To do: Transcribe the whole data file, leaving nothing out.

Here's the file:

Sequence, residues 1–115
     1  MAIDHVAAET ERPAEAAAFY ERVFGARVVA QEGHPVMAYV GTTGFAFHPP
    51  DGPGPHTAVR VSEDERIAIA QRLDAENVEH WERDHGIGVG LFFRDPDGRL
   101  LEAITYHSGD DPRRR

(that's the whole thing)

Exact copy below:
Sequence, residues 1–115
     1  MAIDHVAAET ERPAEAAAFY ERVFGARVVA QEGHPVMAYV GTTGFAFHPP
    51  DGPGPHTAVR VSEDERIAIA QRLDAENVEH WERDHGIGVG LFFRDPDGRL
   101  LEAITYHSGD DPRRR